>> Friday, November 18, 2011
Well after the realization that we'll be getting a new kitchen ceiling (due to moving walls and short joists) I've been contemplating these gorgeous wood ceilings:
via primitive decor
via Design Chic
My most favorite of all, though, comes from For the Love of a House:
It can have a Scandinavian vibe, but I think it adds to the industrial-farmhouse look I'm trying to pull off.
However, it's not something I'm willing to spend a fortune on. But I figured since I'm going to have to replace the ceiling anyway, it could be worth it to get something really neat. For a basis I'm assuming drywall professionally installed is about $1/ square foot (I hope that's a fair assumption).
So here's the research I've found: The most surprising thing is that you basically can't use blown insulation above a plank ceiling because the particles could, potentially, rain down through the cracks. Spray foam was recommended a lot of places (garden web, etc.) but is expensive. Rolled insulation was considered to be an ok solution. It's still more than blown so that should be taken into account.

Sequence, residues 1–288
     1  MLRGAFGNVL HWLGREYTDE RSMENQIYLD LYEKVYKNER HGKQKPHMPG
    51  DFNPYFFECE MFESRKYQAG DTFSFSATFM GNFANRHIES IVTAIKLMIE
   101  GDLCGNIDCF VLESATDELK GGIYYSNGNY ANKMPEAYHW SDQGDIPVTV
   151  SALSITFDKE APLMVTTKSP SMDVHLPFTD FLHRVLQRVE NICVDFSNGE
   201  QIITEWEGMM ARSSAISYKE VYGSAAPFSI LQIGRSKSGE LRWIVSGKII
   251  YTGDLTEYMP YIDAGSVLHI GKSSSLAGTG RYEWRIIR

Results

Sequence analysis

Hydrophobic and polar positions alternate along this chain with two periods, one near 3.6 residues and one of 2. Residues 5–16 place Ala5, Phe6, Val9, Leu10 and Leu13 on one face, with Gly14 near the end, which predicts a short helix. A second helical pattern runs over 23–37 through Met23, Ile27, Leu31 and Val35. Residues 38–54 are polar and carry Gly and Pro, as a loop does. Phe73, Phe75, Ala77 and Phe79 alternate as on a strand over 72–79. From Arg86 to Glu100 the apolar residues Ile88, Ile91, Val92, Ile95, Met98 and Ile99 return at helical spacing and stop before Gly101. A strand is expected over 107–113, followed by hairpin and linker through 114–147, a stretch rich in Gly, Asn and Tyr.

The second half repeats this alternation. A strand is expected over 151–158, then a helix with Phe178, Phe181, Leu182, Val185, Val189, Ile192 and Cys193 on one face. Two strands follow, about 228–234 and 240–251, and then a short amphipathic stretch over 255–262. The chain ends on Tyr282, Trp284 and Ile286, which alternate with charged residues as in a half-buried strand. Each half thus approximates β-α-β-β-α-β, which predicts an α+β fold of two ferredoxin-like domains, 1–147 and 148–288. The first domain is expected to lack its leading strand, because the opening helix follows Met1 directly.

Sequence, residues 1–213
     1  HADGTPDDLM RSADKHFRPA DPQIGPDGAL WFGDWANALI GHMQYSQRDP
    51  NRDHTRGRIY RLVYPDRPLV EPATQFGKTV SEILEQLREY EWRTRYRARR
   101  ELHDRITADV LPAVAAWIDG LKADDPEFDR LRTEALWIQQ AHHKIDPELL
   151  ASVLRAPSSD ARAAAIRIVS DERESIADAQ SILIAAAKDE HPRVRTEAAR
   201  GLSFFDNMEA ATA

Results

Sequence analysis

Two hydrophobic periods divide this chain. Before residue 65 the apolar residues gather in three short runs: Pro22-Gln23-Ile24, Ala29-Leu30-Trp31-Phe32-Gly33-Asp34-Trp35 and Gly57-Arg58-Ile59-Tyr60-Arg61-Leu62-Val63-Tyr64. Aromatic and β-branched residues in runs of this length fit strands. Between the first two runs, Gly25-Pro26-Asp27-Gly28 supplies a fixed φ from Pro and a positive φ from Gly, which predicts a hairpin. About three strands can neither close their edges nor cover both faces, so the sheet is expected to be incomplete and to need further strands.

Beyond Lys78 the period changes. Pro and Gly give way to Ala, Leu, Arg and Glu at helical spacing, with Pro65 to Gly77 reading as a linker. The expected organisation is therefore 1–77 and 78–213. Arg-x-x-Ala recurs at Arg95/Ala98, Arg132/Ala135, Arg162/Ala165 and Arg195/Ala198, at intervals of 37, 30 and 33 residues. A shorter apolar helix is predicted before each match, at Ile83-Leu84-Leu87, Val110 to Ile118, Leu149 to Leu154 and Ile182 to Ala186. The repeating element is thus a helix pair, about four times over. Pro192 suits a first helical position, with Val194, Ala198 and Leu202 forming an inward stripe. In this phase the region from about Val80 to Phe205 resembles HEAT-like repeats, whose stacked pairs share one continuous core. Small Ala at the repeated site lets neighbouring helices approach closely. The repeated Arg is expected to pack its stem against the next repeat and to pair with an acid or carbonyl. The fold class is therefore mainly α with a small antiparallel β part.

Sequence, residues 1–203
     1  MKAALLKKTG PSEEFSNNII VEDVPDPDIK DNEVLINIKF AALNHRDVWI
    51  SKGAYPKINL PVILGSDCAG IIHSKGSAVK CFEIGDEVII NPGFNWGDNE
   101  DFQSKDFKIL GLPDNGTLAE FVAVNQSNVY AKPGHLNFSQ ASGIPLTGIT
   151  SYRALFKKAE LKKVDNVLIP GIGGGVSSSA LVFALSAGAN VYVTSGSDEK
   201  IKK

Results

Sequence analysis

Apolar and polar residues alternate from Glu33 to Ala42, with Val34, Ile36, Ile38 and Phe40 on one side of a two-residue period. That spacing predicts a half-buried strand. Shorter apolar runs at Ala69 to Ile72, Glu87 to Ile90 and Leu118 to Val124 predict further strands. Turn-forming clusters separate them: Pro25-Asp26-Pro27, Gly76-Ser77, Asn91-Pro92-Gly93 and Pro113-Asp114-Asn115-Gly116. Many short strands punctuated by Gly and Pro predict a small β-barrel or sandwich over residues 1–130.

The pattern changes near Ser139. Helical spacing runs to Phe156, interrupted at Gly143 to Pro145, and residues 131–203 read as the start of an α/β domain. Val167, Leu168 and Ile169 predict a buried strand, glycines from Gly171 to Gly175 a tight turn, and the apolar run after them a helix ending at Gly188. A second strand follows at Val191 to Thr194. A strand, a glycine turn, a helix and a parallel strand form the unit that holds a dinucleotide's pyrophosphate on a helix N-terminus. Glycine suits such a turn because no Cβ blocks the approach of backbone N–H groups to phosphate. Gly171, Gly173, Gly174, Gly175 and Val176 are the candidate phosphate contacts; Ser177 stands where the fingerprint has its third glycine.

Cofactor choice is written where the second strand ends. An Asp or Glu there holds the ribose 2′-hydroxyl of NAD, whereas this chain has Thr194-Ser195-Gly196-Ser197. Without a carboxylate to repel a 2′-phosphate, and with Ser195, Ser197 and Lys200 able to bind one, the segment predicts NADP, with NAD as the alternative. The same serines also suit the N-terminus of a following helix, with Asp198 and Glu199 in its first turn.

As for the wood installation: The DIY Diva installed a tongue and grove ceiling as a DIY (shocker right?).
She used bead board and went straight onto the wood joists with only a plastic sheeting between.
At Home Depot, pine bead board planks (1 x 6 inches and in boards 12 feet long) are $9.12 each. That comes out to around $1.66/ square foot.
Lowes sells pine v-groove plank paneling that is 3.5 inches by 8 feet. It's a bit thinner though (at .31 inches and it's recommend to have a solid backing behind it - aka drywall). A package of 6 boards is $8.77 making it around $0.63/ square foot.
This looks similar to what the inspiration pictures used. However, the fact that it has to be backed by drywall makes it 100% an extra (although no more than the bead board). For us it looks like it would be around a $350 - $400 extra (assuming we installed it ourself). Not too bad for such an awesome detail.